Category Archives: Success

The Story of Success

The Beginning
1: Know thyself.
2: Try everything.
3: What is your vision?
4: Confront your fears.
5: Start!

The Journey
6: You will stumble!
7: Try again.
8: Find your path.
9: Remember your vision.
10: Enjoy the scenery.

The Process
11: Make it a habit.
12: Find a partner.
13: Track your effort.
14: Never give up!

The Destination
15: Reach for understanding.
16: Mentor others.
17: There is no end.

“Know thyself” – what is your definition of success?

The phrase “know thyself” is one of the oldest bits of wisdom of all civilization. According to the Greek traveler and geographer Pausanias the precept “Nosce te ipsum” (Know thyself) was carved into the court of the Temple of Apollo at Delphi, and the phrasing has echoed throughout the ages.

But what does it mean to really “know thyself” and what does it mean for achieving success? I’m writing this basic note to discuss a question I am commonly asked: “Am I a success?” My answer (“Well, what do you define as success?”) seems so pedantic on the surface. Dull and plodding. But the truth is success is defined by only by the individual, and only knowledge of your own definition of “success” will ever reveal whether you have succeeded.

This isn’t to say that society can’t or doesn’t provide a measure of success…but society can only measure what you have defined. My definition of a “successful tennis match” with my son doesn’t include winning the game, (or even keeping track of the score!), anywhere near as much as it includes conversation and camaraderie, an elevated heart rate and enough water to drink, and not losing all the balls we brought along. It wouldn’t make sense to ask anyone else who’s watching, “Hey, are we having a successful tennis match?” Their criteria for success are not my criteria for success. However, depending on my success criteria, it might be very helpful to ask them, “Was that ball in or out?” or “How many calories have I burned?”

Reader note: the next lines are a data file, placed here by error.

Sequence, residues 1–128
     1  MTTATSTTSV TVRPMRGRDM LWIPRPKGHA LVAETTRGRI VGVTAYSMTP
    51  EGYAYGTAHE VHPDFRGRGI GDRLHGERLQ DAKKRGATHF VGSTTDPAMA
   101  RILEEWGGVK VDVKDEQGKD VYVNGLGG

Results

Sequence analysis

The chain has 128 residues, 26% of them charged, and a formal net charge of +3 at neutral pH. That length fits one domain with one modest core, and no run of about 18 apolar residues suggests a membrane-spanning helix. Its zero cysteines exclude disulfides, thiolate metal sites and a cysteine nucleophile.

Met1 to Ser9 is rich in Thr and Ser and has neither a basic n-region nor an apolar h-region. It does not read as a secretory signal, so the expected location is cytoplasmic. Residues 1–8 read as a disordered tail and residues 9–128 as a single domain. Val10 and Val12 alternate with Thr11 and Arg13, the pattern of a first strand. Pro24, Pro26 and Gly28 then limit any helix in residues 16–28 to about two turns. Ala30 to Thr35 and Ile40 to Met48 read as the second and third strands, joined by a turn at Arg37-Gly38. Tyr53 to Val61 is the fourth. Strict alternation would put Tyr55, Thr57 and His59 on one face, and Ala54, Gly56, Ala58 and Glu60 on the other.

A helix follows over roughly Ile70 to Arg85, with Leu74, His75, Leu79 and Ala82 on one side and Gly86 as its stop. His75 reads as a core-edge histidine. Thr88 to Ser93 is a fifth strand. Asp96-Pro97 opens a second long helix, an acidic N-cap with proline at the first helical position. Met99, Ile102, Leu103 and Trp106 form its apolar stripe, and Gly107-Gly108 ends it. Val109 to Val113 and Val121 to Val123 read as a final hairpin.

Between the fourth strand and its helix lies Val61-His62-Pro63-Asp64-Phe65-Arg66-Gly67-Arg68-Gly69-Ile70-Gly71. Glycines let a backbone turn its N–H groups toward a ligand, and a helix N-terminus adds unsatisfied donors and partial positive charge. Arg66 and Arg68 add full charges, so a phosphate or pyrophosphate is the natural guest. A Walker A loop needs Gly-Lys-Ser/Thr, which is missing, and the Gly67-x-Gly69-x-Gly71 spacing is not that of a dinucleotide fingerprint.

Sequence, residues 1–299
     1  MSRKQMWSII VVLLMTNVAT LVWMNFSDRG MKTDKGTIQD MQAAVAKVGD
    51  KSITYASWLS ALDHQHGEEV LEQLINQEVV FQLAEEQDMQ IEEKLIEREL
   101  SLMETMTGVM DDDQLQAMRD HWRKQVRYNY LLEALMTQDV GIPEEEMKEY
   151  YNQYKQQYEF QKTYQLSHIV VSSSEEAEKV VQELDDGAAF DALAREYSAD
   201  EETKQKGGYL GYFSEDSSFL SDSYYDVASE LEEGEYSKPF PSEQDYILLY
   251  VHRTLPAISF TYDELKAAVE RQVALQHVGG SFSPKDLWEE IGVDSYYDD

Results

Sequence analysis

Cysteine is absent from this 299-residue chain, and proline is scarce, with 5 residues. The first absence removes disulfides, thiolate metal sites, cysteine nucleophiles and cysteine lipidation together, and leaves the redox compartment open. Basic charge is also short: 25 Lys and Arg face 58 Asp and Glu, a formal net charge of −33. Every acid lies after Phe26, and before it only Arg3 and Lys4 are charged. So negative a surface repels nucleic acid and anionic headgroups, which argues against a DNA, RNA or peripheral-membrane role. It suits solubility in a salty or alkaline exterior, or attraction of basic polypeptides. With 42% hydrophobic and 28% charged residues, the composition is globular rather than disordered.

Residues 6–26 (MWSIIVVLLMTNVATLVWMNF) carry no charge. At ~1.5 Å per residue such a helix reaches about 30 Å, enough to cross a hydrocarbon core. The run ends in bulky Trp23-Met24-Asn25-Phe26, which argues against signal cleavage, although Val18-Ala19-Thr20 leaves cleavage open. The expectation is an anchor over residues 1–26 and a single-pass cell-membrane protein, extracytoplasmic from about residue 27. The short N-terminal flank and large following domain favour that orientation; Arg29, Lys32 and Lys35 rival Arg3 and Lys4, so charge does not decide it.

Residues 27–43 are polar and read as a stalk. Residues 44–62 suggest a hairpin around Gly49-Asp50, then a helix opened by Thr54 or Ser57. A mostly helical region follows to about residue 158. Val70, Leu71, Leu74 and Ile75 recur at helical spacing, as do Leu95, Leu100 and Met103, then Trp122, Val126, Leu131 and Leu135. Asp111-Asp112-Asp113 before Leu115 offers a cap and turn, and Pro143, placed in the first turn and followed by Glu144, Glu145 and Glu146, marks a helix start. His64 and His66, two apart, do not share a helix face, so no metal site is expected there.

Know thyself.

Side notes:
There is an informative “know thyself”-themed website here: (yes, the word order is correct for this website!)

Moving at the speed of change

The below graphic describes two key variables (focus of influence and speed of feedback) important to identifying which techniques are most useful to achieve success.

Focus of Influence
You can improve what you can change. If you are shooting free throws in basketball, you can change your stance, your strength, your movements, but you cannot change the ball size, the height of the basket, or the distance you must stand from the rim. In other words, all improvements in your free-throw percentage result from purely internal changes. Conversely, car salesmen market to the public, have no control over the quality of their product and can improve sales only by improving the quality of their interactions with potential clients.

Rate of feedback
Your ability to change is also dependent on the rate of receiving feedback on the success of your current methods. The quicker you receive feedback, the quicker you can modify your methods. Your golfing instructor stands watching and quickly suggests changes to your grip, your swing, that you can then immediately try to implement. Conversely, it may take weeks to shows results from a reputable weight loss program, and take from months to years to get useful feedback about book sales or career choices.

Coming up next, an overview of the recomended success techniques for these four main categories of situations.